21 posted on 12/11/2003 3:02:07 PM PST by Fledermaus (Fascists, Totalitarians, Baathists, Communists, Socialists, Democrats - what's the difference?)
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To: farmfriend


22 posted on 12/11/2003 3:10:24 PM PST by backhoe (--30--)
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To: farmfriend
Sooner or later, we must form an independent research institute in this country. It must be funded by industry, by government, and by private philanthropy, both individuals and trusts. The money must be pooled, so that investigators do not know who is paying them. The institute must fund more than one team to do research in a particular area, and the verification of results will be a foregone requirement: teams will know their results will be checked by other groups. In many cases, those who decide how to gather the data will not gather it, and those who gather the data will not analyze it. If we were to address the land temperature records with such rigor, we would be well on our way to an understanding of exactly how much faith we can place in global warming, and therefore what seriousness we must address this.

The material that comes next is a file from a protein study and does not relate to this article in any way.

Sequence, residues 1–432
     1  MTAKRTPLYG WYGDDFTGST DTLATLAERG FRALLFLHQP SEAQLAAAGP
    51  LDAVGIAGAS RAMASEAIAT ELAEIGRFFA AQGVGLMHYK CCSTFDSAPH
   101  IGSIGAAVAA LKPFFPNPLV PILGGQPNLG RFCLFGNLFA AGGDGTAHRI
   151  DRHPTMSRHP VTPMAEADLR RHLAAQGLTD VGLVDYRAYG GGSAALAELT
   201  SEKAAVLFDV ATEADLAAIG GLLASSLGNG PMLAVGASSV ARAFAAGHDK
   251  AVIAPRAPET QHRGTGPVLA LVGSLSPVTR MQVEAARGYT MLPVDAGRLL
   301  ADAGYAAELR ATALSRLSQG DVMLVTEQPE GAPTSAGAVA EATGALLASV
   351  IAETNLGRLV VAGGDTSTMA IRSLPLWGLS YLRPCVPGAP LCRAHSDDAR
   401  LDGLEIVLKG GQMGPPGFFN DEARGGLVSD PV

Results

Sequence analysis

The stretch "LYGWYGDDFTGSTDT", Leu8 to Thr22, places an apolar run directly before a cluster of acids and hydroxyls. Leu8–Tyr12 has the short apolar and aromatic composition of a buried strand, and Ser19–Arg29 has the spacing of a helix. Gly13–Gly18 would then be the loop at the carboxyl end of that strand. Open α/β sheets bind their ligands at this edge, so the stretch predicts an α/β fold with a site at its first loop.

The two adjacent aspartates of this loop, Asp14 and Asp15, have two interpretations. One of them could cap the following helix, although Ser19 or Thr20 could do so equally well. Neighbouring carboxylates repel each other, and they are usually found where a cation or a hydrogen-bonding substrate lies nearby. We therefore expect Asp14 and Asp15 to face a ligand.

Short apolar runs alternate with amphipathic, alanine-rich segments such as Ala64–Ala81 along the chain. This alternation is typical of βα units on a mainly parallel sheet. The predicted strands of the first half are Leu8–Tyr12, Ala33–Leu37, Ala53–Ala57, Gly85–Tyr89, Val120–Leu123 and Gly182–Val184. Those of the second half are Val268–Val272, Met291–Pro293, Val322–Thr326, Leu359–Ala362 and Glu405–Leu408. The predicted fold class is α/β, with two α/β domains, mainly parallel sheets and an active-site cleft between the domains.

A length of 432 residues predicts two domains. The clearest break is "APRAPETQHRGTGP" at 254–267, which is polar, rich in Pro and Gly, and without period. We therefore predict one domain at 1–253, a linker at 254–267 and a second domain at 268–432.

Bump! Great read.
23 posted on 12/11/2003 3:11:33 PM PST by Pro-Bush (Homeland Security + Tom Ridge = Open Borders --> Demand Change!)
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To: Dan Evans
I have seen firsthand that scientific research is only as good as the lack of bias in the person conducting it.

For example, my senior thesis at MIT sought an alternative explanation to a particular geologic phenomenon that a Creationist scientist proffered as proof-positive of in-fiat creation 6000 years ago. While I ultimately disagreed with his contention that it was "proof" (I found other mechanisms that could account for it), his data was meticulous.